By Our Oilbarrel Staff
Specialist wellhead provider Plexus Holdings has started 2015 with another contract win, securing a £1.5 million add-on order from Brunei Shell Petroleum for three exploration wells.
The new contracts covers both high pressure/high temperature and standard pressured wellhead systems and services as an addition to the company’s existing four-year contract with BSP, which runs until 2016, at which point it will have been working with the Shell company for the best part of a decade.
Indeed, BSP was a fairly early adopter of the AIM-quoted company’s proprietary friction-grip technology, known as POS-GRIP, which delivers superior performance, reliability and health and safety as well as significant cost savings over conventional wellhead systems.
The company is also working on a Joint Industry Project to develop a subsea POS-GRIP wellhead, designed to solve many of the safety issues that were identified by the American authorities in the wake of BP’s devastating Macondo blow-out in the Gulf of Mexico in 2010.
The latest contract win is another sign of the company bedding down in the Asian region, where it has now established hubs in Malaysia, Singapore and Brunei and recently won its first contract in China. Plexus is keen to build market share in the Far East to complement its North Sea business.
It is the dominant equipment supplier in the North Sea HP/HT market but oil price woes, which have led many to forecast the accelerated demise of this mature basin, have made it increasingly important to have a diverse customer base. The company is also exploring new business opportunities in the Americas and Russia.
This hasn’t been an oil price driven strategy – the company has been seeking to grow its “rest of the world” business for some time and in the year ended June 30 2014 saw ROTW sales grow 17 per cent. But it’s clear that the slide in the oil price – down more than 40 per cent since June, and still falling – adds new impetus to this diversity drive, with the shares mirroring the commodity price slide, down 42 per cent at 185.75 pence compared to the June highs of 321 pence per share.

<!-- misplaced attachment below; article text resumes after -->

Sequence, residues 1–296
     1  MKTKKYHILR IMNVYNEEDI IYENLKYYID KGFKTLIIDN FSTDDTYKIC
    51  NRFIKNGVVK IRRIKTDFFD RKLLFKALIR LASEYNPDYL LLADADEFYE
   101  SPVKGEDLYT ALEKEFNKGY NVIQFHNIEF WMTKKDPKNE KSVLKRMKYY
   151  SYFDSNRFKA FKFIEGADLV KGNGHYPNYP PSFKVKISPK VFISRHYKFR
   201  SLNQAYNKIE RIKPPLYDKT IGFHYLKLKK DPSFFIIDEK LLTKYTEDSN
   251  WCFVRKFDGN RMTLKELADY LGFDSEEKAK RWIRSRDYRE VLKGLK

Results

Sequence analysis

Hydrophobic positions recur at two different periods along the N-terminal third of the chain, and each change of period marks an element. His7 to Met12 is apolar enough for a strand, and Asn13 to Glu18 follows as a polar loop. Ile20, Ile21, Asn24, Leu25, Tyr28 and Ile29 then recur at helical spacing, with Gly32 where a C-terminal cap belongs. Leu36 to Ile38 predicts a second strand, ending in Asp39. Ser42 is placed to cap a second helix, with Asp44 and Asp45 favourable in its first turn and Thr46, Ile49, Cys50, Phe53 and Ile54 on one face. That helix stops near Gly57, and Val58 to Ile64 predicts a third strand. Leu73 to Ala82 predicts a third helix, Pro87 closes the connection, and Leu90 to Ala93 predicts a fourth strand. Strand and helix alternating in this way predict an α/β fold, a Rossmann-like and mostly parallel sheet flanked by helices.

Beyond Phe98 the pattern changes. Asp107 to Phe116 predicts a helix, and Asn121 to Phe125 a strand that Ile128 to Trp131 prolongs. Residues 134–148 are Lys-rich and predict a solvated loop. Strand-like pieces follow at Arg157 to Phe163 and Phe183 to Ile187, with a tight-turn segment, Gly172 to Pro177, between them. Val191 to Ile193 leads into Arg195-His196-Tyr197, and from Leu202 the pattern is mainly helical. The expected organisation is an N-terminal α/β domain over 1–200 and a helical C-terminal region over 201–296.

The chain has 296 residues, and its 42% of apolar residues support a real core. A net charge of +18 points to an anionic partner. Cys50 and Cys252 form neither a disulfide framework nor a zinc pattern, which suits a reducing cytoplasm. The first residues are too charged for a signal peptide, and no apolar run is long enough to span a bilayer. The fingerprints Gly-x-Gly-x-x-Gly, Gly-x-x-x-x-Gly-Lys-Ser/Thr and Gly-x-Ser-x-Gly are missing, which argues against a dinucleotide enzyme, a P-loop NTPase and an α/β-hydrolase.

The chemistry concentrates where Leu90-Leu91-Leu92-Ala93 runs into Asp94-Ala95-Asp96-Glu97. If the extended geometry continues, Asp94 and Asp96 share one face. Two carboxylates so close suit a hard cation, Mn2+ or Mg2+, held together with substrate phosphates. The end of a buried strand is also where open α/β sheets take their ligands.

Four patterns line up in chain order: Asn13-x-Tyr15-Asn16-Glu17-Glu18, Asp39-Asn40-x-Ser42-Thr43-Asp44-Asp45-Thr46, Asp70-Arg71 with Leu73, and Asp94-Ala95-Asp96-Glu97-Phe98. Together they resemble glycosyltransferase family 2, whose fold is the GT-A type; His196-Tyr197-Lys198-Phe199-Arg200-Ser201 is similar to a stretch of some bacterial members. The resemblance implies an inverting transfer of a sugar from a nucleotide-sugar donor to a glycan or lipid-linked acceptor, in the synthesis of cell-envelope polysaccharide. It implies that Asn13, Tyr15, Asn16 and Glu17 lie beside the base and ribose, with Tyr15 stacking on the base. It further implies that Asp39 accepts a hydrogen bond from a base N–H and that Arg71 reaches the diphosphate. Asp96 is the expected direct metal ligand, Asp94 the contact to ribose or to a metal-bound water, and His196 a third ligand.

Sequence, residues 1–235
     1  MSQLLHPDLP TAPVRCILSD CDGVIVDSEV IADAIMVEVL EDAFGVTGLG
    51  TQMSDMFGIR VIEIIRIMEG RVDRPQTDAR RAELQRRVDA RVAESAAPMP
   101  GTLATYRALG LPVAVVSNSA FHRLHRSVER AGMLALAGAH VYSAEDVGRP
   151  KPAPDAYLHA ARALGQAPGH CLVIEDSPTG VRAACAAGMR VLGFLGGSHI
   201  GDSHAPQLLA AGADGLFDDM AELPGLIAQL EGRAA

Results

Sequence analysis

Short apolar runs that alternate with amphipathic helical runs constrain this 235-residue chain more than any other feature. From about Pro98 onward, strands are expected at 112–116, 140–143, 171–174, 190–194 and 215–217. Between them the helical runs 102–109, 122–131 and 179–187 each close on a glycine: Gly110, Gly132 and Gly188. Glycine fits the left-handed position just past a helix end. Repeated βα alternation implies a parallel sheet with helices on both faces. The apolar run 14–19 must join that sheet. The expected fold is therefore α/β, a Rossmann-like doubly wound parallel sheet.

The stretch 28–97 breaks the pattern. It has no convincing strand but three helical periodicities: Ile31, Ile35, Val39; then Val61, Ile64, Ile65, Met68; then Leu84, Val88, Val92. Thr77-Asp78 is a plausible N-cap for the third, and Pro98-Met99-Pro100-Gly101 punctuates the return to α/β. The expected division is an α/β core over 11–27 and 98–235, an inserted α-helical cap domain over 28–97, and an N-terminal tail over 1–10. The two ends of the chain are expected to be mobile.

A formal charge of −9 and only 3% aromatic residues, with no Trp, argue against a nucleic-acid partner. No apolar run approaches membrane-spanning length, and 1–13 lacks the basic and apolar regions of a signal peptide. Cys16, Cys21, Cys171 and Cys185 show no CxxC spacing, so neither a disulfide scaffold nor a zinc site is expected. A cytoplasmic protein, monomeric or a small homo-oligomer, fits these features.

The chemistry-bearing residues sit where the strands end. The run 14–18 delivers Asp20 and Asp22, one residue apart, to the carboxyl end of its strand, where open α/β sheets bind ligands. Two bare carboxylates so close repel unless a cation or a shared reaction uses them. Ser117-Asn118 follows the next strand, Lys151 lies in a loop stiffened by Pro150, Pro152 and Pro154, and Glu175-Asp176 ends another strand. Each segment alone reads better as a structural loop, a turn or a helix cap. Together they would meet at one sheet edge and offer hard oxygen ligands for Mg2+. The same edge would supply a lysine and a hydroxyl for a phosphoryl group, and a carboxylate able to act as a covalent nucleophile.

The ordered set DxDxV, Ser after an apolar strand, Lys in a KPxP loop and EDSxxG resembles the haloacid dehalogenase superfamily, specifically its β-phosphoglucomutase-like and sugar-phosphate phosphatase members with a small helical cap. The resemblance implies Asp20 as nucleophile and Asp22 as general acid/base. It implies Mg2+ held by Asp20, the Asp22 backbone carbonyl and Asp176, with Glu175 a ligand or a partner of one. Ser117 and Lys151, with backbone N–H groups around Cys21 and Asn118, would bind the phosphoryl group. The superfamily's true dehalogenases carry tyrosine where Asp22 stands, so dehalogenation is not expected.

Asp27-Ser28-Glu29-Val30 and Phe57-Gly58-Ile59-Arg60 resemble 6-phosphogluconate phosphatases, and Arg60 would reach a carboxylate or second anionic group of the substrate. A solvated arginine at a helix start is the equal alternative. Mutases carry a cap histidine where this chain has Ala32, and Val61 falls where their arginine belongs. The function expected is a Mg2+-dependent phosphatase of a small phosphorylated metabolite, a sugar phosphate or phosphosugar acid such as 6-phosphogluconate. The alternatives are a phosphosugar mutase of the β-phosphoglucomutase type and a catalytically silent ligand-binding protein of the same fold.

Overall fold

Plexus certainly isn’t pessimistic about its North Sea backyard: the Chancellor’s Autumn statement confirmed a new North Sea cluster area tax break allowance to support investment in more challenging HPHT field projects, the kind where POS-GRIP offers real advantages. And recent months have seen a flurry of contract wins in the UK and Norwegian sectors of the North Sea, with awards from Centrica, Det Norske Oljeselskap and BG Group.
While the oil price is a concern for all service companies, Plexus believes it is cushioned not only by the inherent time and cost savings of POS-GRIP, which will become increasingly important to budget-conscious companies, and by the fact its main business involves exploration jack-ups rather than capital intensive shale projects.
And, like many others, the company believes the long-term fundamentals are positive for the industry. At December’s AGM chair Jerome Jeffrey Thrall noted that population growth and increasing industrialisation will continue drive demand for oil and gas, citing ExxonMobil’s recent 2014 Outlook for Energy report which predicts that global population growth will result in a 35 per cent greater demand for energy, and that 60 per cent of the demand increase will be supplied by oil and natural gas.
“Even if it is unpopular to say so in some quarters, it is a widespread view that wind farms, tidal energy, and solar panels will not replace hydrocarbons in the foreseeable future,” said Thrall. Against this backdrop, analysts at Douglas-Westwood forecast the global oilfield services market will grow from US$354 billion in 2014 to US$521 billion in 2018.
And Plexus is positioning itself to tap into more of that market. The company is continuing work on its new generation subsea wellhead (HGSS), a JIP that has brought together BG Group, Eni, Maersk, Shell, Total, Tullow Oil and Wintershall. The design process is now complete and testing due to be completed imminently, with the company looking to run a prototype in the second half of the 2015 calendar year, a move that could be the starting gun for its entry into the multi-billion dollar subsea global market.
With a record set of results for the year ended June 30 2014, with a 65 per cent surge in post-tax profits to £5 million and a 5.7 per cent increase in revenues to £27 million, Plexus didn’t stint in rewarding shareholders, with a 12.7 per cent increase in the dividend.